So – onto the review.


I am fully on board with a prologue – I think they are great.  I have one in my books, and many great books also have them.  Think George RR Martin’s prologue at the start of Thrones.  That encounter with the white walkers has probably ensured my continued allegiance to the series.  It was brilliant.

But to understand why it was so good, we need to have a think about what it is.  I think it was this – a shameless plug of the core tenet of George Martin’s imaginary genius.  It is a suggestion of the horror that will come some 7 volumes of text later; and it is a flash of action that entices the reader.  It is a hook.

And this is what I’ve tried to replicate in my books – a hook.  The prologue is an immediate literary fix that pulls the reader in before they’ve even got going, and it can also add that initial flair where the core “arc” does not have the requisite explosive initiation.

Now, what I see with your prologue is not this.  What you currently have is more like “background” – not quite textbook material, but not a gripping piece of prose.

I’ll probably come back to this a lot, but I think you need to consider the old adage “show, don’t tell”.  There’s too much telling at the moment, and this unintentionally slows pace.  Once you do come round to reworking this, I would consider either a) removing altogether (possibly replacing with a very brief background sentence); or b) structure into a small story in its own right.


Just a quick note on prose: overall, this looks pretty good – just what I’d expect of an English teacher!  When I first started writing, my prose was pretty bad, but I don’t think you have much to worry about.  Good prose should “melt” into the background, and although yours doesn’t do this yet, the reason it doesn’t is because of the show vs tell issue rather than the prose itself.  I spotted a few grammatical points, but it is the sort of stuff that would buff out with a review.


Though much better, I think chapter one suffers from the same problem as the prologue: it feels a bit like background.  Of course, some stuff does happen, like Timmy’s mission, but not a lot…really.

I think I mentioned the importance of an arc, typified by a beginning, a middle and an end, and though this is fundamental to the overall novel, it is also important in each chapter.  If we think about chapter one, I think we have the following:

  • Laura with her dead husband.  She has called her son and sent Timmy on a mission.
  • Timmy on a boat fulfilling the mission.
  • Alexandra worrying about events and what might happen.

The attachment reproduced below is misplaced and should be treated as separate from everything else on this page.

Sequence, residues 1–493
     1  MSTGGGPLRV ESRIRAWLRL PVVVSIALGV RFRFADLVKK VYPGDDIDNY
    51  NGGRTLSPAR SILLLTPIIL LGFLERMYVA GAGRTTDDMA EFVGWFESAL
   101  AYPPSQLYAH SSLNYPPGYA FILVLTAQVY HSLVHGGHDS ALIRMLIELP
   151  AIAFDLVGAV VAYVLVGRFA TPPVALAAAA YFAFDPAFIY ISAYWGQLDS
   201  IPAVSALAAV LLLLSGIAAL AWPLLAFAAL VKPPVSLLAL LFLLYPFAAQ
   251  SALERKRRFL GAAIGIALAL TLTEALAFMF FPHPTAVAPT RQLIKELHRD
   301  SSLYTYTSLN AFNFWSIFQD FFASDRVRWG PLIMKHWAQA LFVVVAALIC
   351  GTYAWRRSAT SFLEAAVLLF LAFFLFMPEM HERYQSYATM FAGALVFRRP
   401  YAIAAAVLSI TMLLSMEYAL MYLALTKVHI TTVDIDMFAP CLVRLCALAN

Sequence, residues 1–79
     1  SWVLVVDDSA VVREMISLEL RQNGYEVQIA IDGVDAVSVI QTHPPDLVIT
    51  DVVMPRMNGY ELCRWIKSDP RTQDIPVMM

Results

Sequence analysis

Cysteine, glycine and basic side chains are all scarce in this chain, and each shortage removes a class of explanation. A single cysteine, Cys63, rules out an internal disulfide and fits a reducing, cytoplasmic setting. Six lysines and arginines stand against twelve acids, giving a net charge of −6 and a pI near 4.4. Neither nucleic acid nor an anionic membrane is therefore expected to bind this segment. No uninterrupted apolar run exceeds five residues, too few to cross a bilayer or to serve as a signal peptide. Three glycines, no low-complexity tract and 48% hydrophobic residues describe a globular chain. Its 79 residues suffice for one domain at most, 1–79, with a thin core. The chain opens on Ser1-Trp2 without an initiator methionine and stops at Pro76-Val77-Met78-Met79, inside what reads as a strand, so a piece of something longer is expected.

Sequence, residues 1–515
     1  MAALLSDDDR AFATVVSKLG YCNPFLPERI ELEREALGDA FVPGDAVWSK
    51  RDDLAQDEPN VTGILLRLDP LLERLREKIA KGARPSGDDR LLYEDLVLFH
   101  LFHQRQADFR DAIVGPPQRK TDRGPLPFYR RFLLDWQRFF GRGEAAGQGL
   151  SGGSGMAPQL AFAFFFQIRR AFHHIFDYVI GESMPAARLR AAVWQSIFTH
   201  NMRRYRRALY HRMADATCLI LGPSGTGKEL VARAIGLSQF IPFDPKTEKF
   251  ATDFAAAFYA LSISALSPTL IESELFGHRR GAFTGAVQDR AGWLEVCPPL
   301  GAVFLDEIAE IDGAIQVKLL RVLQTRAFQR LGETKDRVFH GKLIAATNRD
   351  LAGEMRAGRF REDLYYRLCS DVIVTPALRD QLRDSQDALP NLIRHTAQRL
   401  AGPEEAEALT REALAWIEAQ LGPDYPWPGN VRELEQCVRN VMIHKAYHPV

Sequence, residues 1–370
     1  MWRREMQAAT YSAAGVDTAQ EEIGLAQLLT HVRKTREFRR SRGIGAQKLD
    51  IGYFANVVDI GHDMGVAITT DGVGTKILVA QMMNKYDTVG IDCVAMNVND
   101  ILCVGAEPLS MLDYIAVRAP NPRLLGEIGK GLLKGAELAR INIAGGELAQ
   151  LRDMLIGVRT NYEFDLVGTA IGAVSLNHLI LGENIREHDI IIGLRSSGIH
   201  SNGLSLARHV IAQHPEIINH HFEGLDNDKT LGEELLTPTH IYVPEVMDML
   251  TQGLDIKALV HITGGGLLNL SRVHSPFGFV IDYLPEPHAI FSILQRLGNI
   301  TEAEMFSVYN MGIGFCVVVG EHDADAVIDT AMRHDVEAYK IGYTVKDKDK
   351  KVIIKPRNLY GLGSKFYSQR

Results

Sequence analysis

Ignore the accuracy of my recounting here, and instead focus on the arc of this chapter. I can’t see one, and I also can’t really see what happens.  There is also quite a lot of jumping between characters within the chapter, and though not necessarily a no-no, it needs to have a clear linkage.

So I think this will need quite a lot of surgery, and you may actually end up getting rid of a lot of this.  But it doesn’t mean it wasn’t worthwhile.  This is all a learning curve!


This is much better.  A couple of notable things happen here:

  • The Timmy mission comes to life; and
  • We get a sense of the Laura-Timmy dynamic.

One thing to note is that we’ve already been “told” about the dynamic Laura has with her son, but now we get shown it which is much more powerful.  So why not remove the telling?  The reader doesn’t need to know everything at outset.

I also think that this could be two chapters rather than a single lengthy one, but this will become more obvious when you think about the structuring more generally.

That’s probably it for now.  I hope this is helpful.  Keep going!

 So I was able to provide structural, stylistic, and mechanistic feedback on these chapters without actually getting too bogged down in the detail – where my scope of feedback is not as strong.  And we’ve since gone through some back and forth on this, and I’ve seen a re-work which is already looking much better.

In some ways, I wish I had had someone to bounce of all those years ago, when I started writing, but that is my fault for not looking hard enough – there have always been sources of help out there.

And do you know what the most useful part of my feedback above is?  Just keep writing.  Really, that’s all there is to it.

Picture Credit: Vic via Flickr